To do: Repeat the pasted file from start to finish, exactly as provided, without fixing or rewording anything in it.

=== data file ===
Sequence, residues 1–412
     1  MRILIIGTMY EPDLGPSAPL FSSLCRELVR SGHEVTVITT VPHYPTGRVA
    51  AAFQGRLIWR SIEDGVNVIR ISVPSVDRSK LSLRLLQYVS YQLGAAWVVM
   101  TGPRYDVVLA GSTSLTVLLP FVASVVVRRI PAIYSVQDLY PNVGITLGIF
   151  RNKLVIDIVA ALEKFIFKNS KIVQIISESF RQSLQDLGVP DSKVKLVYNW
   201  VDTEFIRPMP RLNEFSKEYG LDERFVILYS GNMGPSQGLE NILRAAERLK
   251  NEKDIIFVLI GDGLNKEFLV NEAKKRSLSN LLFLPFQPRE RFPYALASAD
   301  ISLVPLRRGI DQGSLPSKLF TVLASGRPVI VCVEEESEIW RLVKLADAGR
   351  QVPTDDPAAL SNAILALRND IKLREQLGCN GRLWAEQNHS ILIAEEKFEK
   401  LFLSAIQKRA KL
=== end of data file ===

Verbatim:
Sequence, residues 1–412
     1  MRILIIGTMY EPDLGPSAPL FSSLCRELVR SGHEVTVITT VPHYPTGRVA
    51  AAFQGRLIWR SIEDGVNVIR ISVPSVDRSK LSLRLLQYVS YQLGAAWVVM
   101  TGPRYDVVLA GSTSLTVLLP FVASVVVRRI PAIYSVQDLY PNVGITLGIF
   151  RNKLVIDIVA ALEKFIFKNS KIVQIISESF RQSLQDLGVP DSKVKLVYNW
   201  VDTEFIRPMP RLNEFSKEYG LDERFVILYS GNMGPSQGLE NILRAAERLK
   251  NEKDIIFVLI GDGLNKEFLV NEAKKRSLSN LLFLPFQPRE RFPYALASAD
   301  ISLVPLRRGI DQGSLPSKLF TVLASGRPVI VCVEEESEIW RLVKLADAGR
   351  QVPTDDPAAL SNAILALRND IKLREQLGCN GRLWAEQNHS ILIAEEKFEK
   401  LFLSAIQKRA KL